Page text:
Lexical form

You need to learn two important terms. I will use them often in our discussions.

The first is "lexical form." For verbs, the first person singular form of the verb is its lexical form.

In English we normally use the term "dictionary." But in Greek (and other languages) we call them "lexicons." Just another term for the same thing.

The "lexical form" is the form of the verb as it is listed in the lexicon. It is also the form of the word that you will be memorizing.

If you think about it, you can see why we do this. ἀκούω and ἀκούεις have the same meaning, except that one is "I" and the other is "you." But both mean "hear." Can you imagine how complicated it would be if the lexicon had to list a word's meaning for each of its forms? Instead, lexicons discuss the meaning of a word in one place, and that one place is the lexical form of a word. Again, for verbs, that means the first person singular form. If you try to find ἀκούεις in a lexicon you wouldn't find it. But you will find the word defined under the form ἀκούω.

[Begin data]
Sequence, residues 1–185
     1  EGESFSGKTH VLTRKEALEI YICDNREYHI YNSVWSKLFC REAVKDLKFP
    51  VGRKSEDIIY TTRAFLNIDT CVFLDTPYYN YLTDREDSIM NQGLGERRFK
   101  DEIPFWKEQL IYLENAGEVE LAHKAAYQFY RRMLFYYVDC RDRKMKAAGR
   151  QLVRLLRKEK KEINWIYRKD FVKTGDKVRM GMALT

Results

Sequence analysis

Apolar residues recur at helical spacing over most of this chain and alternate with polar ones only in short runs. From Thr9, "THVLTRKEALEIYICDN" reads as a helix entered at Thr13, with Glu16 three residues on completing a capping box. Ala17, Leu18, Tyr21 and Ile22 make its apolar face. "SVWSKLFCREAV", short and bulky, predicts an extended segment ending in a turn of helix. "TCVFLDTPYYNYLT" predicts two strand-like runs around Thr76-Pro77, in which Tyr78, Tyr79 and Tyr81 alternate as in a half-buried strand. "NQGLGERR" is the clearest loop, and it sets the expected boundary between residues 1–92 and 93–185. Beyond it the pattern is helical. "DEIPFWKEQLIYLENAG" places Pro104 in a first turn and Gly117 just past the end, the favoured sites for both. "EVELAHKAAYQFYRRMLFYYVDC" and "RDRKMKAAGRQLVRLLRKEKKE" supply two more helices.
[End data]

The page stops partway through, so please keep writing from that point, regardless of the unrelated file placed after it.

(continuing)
Think about it from a translator's point of view. You are reading along in the Greek and you come across a word you don't know. You have to be able to look at it, figure out its lexical form so that you can then look the word up in the lexicon and discover its meaning.

So, the lexical form of a verb is the first person singular form of the verb.